Purchasing Power is a unique e-commerce website, offered as a voluntary benefit to employees of partnering companies. Because it is not open to the general public, all users of the site must first register and login before they can shop.
In 2017, Purchasing Power sought ways to bolster new users. This led us to work on improving the registration experience and make it easier for both new and returning customers to access the storefront.
Presenting a barrier to access and shop on a website is fundamentally counter to the idea of making a site easy to use. However, the nature of Purchasing Power’s business model requires that very thing.
Historically, before new users could enter the site, they had to provide a considerable amount of information to satisfy the needs of several different business units. This included client services, marketing and risk, among others.
With consideration to the needs of the business, the question became; how can we minimize friction during the registration process while still collecting the proper information at the proper moment in the website user flow?
Based on the information that was required at registration, we met with the appropriate stakeholders to understand why this information was being collected and when it became important to them. Was all of this data truly critical at the time of registration? Was this information that could be collected later into the experience without a negative impact to the business?
Analytical data around the registration process, as well as relevant findings from previous user testing were compiled and synthesized. There were no real surprises. The findings served to reinforce our existing hypothesis that the total number of fields and multiple steps led to frustration and abandonment.
In addition to user research, we explored the login and registration experiences for a number of websites. These included membership-based sites as well as banks and lending institutions, where a greater amount of information and more sensitive data is required of the user.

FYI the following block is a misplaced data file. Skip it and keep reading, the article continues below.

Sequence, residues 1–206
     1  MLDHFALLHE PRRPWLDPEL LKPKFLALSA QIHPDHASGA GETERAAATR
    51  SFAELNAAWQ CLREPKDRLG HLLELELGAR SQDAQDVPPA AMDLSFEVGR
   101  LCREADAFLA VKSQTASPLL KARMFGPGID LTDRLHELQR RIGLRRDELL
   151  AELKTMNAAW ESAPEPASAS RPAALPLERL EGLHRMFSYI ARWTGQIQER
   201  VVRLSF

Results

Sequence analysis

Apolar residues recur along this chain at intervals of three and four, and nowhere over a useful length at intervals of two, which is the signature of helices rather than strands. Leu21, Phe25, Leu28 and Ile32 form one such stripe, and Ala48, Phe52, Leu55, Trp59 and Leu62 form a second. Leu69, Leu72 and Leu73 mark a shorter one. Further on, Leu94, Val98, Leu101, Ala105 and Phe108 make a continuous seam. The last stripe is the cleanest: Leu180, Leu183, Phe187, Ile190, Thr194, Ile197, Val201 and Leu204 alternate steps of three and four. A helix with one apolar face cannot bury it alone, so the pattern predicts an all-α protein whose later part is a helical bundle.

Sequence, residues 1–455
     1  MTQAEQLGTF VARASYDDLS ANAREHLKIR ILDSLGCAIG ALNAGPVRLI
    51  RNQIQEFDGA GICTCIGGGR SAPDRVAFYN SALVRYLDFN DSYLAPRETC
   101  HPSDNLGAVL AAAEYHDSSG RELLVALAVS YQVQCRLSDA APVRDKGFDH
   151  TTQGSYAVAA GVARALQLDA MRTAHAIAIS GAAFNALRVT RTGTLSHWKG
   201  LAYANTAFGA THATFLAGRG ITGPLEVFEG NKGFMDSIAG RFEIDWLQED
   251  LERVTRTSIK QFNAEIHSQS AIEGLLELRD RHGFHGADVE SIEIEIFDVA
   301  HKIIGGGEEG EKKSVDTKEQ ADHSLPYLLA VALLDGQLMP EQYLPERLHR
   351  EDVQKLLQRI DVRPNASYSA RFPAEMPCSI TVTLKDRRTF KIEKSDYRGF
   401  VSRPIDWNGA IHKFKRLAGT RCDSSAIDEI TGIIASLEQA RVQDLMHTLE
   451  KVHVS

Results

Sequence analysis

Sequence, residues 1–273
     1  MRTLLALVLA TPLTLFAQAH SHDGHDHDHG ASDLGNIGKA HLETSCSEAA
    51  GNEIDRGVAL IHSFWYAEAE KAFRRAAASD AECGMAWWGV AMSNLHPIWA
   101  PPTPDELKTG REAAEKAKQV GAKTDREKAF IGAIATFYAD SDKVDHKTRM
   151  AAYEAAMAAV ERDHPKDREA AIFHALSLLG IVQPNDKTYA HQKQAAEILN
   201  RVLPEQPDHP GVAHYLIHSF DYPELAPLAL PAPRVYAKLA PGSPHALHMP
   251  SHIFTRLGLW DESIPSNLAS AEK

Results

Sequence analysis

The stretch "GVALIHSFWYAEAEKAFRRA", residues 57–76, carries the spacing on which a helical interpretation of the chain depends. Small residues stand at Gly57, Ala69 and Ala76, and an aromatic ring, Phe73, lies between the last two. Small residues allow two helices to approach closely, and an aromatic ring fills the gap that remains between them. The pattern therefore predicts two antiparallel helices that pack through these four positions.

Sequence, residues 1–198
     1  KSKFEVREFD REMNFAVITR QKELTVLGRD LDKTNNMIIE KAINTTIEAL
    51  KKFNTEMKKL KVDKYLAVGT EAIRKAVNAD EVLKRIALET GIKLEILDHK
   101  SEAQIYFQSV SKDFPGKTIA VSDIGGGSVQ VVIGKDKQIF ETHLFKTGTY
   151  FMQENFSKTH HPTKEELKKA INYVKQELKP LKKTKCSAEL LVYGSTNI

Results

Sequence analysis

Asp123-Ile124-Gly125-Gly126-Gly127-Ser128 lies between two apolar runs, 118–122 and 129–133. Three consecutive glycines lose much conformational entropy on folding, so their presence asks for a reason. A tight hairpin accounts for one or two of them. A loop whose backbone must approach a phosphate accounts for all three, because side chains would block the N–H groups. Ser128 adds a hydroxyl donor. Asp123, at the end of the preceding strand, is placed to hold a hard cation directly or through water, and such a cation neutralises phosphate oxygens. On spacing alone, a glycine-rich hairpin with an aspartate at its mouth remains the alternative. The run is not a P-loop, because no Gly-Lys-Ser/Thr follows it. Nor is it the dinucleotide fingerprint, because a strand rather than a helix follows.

Having a clearer understanding of the needs of both the business and users, I began developing a user flow diagram to better understand and communicate the technical aspects of the login and registration process.
After the release of the redesigned registration expereince, two factor authentication was introduced.
Wireframes & Prototype
Once we had an interactive prototype, we put it in front of a number of people who had never gone through the Purchasing Power registration process. We also surveyed several existing users, to see how they compared the new approach with the existing experience. Overall, the prototype proved to offer a much easier registration experience.
While taking a fresh approaching to the design, there was an additional opportunity to address several accessibility issues, including poor color contrasts and small click target size.
During the design phase, colors for the login and registration interface were chosen to not only fit with brand guidelines, but also meet WCAG 2.0 contrast standards. Buttons and other clickable elements were sized based on both mobile best practices and accessibility considerations for users who may have motion disorders.
Success for this project was measured on the increase in new registrants to the storefront website. By that standard, the new registration experience was a resounding success, with a 58% increase over the previous year. This translated to a 39% year-over-year increase in first time buyers.